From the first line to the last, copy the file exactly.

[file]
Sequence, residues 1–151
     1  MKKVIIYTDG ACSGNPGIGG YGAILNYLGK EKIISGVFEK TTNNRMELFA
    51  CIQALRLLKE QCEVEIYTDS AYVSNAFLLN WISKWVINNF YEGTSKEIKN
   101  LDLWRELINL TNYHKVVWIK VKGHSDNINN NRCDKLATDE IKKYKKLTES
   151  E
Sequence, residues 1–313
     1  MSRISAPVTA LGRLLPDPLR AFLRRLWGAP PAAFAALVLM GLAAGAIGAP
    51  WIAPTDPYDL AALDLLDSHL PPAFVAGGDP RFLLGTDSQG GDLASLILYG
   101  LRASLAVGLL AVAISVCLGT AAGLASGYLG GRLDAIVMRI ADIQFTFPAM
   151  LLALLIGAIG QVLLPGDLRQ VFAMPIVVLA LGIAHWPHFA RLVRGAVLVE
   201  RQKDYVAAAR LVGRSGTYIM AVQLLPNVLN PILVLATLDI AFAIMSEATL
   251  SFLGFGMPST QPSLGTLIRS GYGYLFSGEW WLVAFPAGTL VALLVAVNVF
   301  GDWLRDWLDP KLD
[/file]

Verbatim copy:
Sequence, residues 1–151
     1  MKKVIIYTDG ACSGNPGIGG YGAILNYLGK EKIISGVFEK TTNNRMELFA
    51  CIQALRLLKE QCEVEIYTDS AYVSNAFLLN WISKWVINNF YEGTSKEIKN
   101  LDLWRELINL TNYHKVVWIK VKGHSDNINN NRCDKLATDE IKKYKKLTES
   151  E
Sequence, residues 1–313
     1  MSRISAPVTA LGRLLPDPLR AFLRRLWGAP PAAFAALVLM GLAAGAIGAP
    51  WIAPTDPYDL AALDLLDSHL PPAFVAGGDP RFLLGTDSQG GDLASLILYG
   101  LRASLAVGLL AVAISVCLGT AAGLASGYLG GRLDAIVMRI ADIQFTFPAM
   151  LLALLIGAIG QVLLPGDLRQ VFAMPIVVLA LGIAHWPHFA RLVRGAVLVE
   201  RQKDYVAAAR LVGRSGTYIM AVQLLPNVLN PILVLATLDI AFAIMSEATL
   251  SFLGFGMPST QPSLGTLIRS GYGYLFSGEW WLVAFPAGTL VALLVAVNVF
   301  GDWLRDWLDP KLD